Examples of issues that can be addressed through regulations derived from existing employment and labor laws include the duration of notice that should be given before a lay-off comes into effect and the amounts of severance pay that should accrue to employees and under what circumstances that this should happen. However, the legal constraints that affect such regulations differ from one country to the other.
Enforcement of employment regulations within the provisions of the law is a very complicated thing for the HR department of any organization to do. It is a matter that calls for liaison between the department and the organization’s legal office. Alternatively, HR officials may do it on their own if they have many years’ experience of dealing with employee regulation issues as well as the confidence to do it. A good starting point is composing an employment contract whose wording is legally admissible. Such an employment should imply a collective agreement between employer and employee upon signing by the employee.
Human resource managers should beware of unclear legislations that leave it upon judges to make decisions in matters of contention between employers and employees or their representatives. When regulation is required in such matters, the consent of both parties should be emphasized in order for both parties to the dispute to avoid far-reaching legal implications.
Normative approaches to collective agreements through government decrees constitute another option that human resource managers should use whenever they are called upon to do so. In most cases, any democratic government does not announce such decrees unless they are meant to benefit employees as well as employers in a certain branch or sector within an industry.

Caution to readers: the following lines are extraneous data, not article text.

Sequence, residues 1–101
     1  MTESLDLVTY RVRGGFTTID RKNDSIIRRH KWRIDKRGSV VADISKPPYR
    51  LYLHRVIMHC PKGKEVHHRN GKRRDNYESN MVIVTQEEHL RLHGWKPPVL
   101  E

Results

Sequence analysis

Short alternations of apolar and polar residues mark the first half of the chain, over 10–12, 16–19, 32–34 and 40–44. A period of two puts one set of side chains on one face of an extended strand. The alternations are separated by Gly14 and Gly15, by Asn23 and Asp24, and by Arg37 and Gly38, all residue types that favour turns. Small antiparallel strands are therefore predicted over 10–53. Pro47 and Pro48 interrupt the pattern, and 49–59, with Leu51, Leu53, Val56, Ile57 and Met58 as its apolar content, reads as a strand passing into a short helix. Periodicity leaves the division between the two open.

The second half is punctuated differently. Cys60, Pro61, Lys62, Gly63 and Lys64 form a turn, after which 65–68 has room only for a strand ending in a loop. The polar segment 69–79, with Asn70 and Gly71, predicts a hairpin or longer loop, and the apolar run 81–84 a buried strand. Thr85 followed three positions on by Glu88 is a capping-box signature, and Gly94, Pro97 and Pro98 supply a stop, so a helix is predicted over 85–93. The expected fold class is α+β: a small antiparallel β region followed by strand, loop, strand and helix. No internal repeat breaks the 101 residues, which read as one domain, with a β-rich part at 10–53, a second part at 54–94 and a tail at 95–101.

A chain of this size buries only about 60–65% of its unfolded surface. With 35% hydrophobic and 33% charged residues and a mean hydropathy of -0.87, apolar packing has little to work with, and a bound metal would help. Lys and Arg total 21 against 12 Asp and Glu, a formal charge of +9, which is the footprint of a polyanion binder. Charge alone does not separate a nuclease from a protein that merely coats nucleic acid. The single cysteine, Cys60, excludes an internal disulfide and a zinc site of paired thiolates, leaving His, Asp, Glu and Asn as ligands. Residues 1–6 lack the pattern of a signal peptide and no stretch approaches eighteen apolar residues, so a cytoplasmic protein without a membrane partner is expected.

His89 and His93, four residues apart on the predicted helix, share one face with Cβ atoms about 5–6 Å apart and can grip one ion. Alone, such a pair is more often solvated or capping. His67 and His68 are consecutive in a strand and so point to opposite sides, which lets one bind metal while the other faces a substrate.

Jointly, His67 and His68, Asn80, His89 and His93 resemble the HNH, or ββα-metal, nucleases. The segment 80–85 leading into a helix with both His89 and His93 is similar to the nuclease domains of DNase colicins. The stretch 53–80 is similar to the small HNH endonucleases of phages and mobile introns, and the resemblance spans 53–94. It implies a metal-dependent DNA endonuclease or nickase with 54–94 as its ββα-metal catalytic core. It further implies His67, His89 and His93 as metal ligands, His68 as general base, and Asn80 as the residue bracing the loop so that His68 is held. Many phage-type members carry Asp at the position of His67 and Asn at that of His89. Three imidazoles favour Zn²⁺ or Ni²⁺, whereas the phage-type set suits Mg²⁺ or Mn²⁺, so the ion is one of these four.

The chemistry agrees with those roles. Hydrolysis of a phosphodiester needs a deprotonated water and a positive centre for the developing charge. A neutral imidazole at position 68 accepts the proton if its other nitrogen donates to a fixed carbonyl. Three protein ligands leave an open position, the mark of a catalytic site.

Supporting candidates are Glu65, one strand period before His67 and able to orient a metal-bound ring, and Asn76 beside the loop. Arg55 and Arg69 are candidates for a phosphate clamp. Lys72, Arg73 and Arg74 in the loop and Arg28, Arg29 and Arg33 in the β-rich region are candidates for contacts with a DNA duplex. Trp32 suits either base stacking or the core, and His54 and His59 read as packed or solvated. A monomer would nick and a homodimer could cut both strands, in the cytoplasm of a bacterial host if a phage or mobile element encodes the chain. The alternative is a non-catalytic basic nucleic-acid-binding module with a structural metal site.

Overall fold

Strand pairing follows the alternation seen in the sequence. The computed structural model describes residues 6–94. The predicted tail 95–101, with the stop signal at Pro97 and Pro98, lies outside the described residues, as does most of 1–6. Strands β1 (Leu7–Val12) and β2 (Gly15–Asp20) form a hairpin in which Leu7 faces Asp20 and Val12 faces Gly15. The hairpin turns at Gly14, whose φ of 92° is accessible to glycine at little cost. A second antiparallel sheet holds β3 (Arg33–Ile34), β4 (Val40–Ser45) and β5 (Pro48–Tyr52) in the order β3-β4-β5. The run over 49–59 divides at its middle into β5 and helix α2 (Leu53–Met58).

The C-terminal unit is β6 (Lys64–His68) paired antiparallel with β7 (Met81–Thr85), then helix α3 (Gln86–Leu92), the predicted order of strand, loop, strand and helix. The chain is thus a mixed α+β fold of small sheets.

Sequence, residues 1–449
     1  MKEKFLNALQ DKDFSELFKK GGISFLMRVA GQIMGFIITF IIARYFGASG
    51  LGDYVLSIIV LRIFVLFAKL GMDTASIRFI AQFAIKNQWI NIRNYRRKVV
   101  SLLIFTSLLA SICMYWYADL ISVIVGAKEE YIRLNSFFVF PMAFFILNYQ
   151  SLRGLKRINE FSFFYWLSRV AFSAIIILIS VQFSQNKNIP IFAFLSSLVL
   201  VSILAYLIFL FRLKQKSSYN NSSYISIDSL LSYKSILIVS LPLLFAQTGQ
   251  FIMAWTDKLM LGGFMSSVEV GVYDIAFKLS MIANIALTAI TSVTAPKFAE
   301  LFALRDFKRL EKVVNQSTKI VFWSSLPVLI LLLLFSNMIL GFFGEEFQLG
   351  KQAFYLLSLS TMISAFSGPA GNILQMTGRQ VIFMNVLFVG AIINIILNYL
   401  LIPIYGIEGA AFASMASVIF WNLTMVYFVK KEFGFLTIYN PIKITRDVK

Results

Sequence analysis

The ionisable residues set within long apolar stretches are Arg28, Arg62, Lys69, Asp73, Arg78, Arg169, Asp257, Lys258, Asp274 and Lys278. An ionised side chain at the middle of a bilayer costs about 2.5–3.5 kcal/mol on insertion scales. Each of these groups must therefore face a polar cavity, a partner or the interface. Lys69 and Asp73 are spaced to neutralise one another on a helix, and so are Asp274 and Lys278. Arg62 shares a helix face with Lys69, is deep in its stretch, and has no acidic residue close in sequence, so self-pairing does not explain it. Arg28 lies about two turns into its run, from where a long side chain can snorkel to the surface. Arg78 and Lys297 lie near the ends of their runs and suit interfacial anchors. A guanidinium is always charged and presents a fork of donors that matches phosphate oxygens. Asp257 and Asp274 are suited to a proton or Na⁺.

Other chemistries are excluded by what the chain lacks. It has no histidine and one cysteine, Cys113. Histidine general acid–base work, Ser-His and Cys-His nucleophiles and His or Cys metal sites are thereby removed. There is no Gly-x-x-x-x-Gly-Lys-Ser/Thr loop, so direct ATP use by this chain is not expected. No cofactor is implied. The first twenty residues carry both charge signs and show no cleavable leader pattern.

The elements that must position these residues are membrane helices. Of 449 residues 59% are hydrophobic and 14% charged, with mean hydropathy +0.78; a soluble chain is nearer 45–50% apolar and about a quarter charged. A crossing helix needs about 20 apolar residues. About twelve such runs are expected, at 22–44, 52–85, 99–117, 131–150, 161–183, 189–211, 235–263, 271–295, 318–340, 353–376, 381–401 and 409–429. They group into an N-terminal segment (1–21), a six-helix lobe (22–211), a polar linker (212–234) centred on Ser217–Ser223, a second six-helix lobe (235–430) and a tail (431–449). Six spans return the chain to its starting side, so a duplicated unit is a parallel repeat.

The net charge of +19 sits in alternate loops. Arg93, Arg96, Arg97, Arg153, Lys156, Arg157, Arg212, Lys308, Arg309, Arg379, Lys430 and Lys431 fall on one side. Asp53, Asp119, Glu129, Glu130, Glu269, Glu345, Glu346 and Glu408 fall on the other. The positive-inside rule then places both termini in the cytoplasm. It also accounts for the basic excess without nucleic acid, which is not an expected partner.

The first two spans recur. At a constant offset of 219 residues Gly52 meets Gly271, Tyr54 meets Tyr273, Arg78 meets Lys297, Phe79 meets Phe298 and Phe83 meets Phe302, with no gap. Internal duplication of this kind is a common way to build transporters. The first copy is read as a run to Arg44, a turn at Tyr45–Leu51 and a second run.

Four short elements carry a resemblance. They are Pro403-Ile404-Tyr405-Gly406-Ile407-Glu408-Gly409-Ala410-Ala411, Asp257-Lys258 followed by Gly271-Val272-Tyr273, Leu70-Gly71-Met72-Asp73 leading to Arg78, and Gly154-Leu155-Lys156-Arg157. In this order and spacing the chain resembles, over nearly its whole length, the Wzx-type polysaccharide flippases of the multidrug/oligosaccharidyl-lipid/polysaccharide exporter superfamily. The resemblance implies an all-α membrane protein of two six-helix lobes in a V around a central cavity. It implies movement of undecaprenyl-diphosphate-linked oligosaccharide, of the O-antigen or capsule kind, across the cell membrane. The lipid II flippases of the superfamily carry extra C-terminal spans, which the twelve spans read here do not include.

In conclusion, employment laws and regulations play a very crucial role in cultivating mutual interdependence between employers and employees in the workplace. As Weiler observes, any issue that affects performance of an employee should be addressed either through statutory provisions or through regulation by employees (10). In either case, the imperfections of labor and employment laws should be addressed through collective bargaining agreements between employers and employees. In some cases, governments put decrees in place in order to bring about immediate solutions to pressing employer and employee problems. It is the responsibility of human resource managers to ensure that the rights, obligations and responsibilities of the organization as well as employees are safeguarded at all times.
Cooper, George and Sobol, Richard. “Seniority and Testing under Fair Employment Laws: A General Approach to Objective Criteria of Hiring and Promotion” Harvard Law Review, 82.8 (1969): 598-1679.
“Employment Law Guide.” United States Department of Labor. 01 Jan. 2010. 05 Apr. 2010. <http://www.dol.gov/compliance/guide/>
Landes, William. “The Economics of Fair Employment Laws” The Journal of Political Economy, 76.4, (1968): 507-552.
Weiler, Paul. Governing the Workplace: The Future of Labor and Employment Law. New York: Routledge, 1990.